International: This year’s inductees to the IP Hall of Fame were honoured at an exclusive gala dinner held in Boston’s Fairmont Hotel on June 10


NYC law goes after purchasers of counterfeit goods

A proposed new law would make it illegal to purchase counterfeits in New York City. The measure might seem radical until you count up the damage wreaked by counterfeits – not only for brand owners, but for consumers as well
Joseph C Gioconda

From filing agency to enforcer

How the Philippines Intellectual Property Office is stepping up its policing activities after new legislation bolstered its enforcement powers
Trevor Little

Trademark bullying: legitimate problem or passing fad? The USPTO responds

In issue 42 of WTR, a feature focused on the issue of trademark bullying. Deborah Cohn, the commissioner of trademarks at the US Patent and Trademark Office, contacted us to respond to the article and outline the agency’s ongoing efforts to address this controversial subject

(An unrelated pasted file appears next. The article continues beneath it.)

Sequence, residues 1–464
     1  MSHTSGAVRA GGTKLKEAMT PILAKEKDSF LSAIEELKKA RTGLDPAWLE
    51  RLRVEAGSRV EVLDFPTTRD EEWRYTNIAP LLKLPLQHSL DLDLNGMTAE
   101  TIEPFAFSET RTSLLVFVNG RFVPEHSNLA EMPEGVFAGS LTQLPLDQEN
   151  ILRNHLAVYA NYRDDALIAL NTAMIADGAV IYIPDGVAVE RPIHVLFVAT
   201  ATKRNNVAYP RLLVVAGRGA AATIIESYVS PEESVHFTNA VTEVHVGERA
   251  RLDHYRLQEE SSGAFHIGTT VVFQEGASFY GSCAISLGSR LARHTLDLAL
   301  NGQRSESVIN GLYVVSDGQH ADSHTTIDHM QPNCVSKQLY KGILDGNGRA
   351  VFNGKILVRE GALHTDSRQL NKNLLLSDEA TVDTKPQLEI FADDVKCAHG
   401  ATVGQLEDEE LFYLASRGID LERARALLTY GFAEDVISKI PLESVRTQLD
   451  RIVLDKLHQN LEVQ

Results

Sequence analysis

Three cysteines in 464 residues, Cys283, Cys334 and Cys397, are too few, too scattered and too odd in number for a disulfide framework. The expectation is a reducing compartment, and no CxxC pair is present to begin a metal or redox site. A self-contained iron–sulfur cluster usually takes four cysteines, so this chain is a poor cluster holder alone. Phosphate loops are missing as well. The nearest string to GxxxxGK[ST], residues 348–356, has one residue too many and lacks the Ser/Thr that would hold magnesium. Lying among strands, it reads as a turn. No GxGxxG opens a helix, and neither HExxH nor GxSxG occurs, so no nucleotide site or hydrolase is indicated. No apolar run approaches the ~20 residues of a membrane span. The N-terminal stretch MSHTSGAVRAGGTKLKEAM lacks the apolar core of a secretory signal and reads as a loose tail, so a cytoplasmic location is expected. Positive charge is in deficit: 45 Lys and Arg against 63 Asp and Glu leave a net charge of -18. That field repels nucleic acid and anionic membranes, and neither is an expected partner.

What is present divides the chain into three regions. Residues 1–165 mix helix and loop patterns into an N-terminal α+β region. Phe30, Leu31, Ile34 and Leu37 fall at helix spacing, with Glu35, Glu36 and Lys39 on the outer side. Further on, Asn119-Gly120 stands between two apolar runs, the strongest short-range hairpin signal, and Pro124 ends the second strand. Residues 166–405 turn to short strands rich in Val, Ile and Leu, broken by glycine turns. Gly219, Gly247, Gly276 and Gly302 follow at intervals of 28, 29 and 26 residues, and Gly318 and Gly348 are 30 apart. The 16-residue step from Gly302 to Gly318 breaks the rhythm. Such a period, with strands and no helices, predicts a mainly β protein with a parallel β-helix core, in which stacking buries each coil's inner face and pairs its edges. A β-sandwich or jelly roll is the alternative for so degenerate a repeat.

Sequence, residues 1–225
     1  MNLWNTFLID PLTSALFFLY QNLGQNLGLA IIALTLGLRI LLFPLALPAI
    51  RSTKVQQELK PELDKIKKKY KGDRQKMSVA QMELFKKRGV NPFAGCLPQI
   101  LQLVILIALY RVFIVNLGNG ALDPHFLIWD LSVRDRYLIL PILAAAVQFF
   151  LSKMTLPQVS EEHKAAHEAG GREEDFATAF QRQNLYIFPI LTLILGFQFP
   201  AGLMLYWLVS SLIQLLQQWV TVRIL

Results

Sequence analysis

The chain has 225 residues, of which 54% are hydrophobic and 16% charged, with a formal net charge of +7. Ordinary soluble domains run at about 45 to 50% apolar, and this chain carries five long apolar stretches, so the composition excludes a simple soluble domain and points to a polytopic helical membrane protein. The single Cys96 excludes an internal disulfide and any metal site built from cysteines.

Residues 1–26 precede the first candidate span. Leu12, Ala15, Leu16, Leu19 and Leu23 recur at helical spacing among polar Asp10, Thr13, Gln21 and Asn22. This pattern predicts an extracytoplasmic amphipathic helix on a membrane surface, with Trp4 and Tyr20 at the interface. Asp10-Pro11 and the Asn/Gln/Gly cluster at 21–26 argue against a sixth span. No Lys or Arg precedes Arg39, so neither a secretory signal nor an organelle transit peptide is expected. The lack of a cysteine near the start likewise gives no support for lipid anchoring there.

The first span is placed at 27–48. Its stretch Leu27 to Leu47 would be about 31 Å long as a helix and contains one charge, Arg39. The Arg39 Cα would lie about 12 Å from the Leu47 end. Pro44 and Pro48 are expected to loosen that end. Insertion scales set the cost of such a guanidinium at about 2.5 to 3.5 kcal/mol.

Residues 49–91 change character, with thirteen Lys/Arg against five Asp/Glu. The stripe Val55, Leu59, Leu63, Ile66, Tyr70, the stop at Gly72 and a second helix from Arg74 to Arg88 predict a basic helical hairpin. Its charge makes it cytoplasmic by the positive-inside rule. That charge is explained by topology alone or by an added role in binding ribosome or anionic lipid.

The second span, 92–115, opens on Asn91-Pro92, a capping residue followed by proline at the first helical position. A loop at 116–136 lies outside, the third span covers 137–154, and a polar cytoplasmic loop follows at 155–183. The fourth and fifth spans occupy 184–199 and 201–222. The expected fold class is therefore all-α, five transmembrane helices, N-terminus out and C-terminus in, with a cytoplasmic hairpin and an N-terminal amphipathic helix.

Deborah Cohn

Market Focus: United States

When surveying the US legal services market, it is important to assess both national and regional trends

Time for the Trademarks Administrative Committee to take a stand over dilution

Three recent decisions confirm that the Greek Trademarks Administrative Committee is struggling with dilution arguments. As pressure mounts between canny infringers and territorial rights holders, national trademark offices need to address these issues head on
Nikos Prentoulis

Co-published editorialCountry Correspondents

Fluid trademarks (including slogans)

Canada - Bereskin & Parr LLP

While rights holders can freely explore the creative and commercial opportunities presented by the use of a modified form of their trademark, they would be well advised not to stray too far from the original mark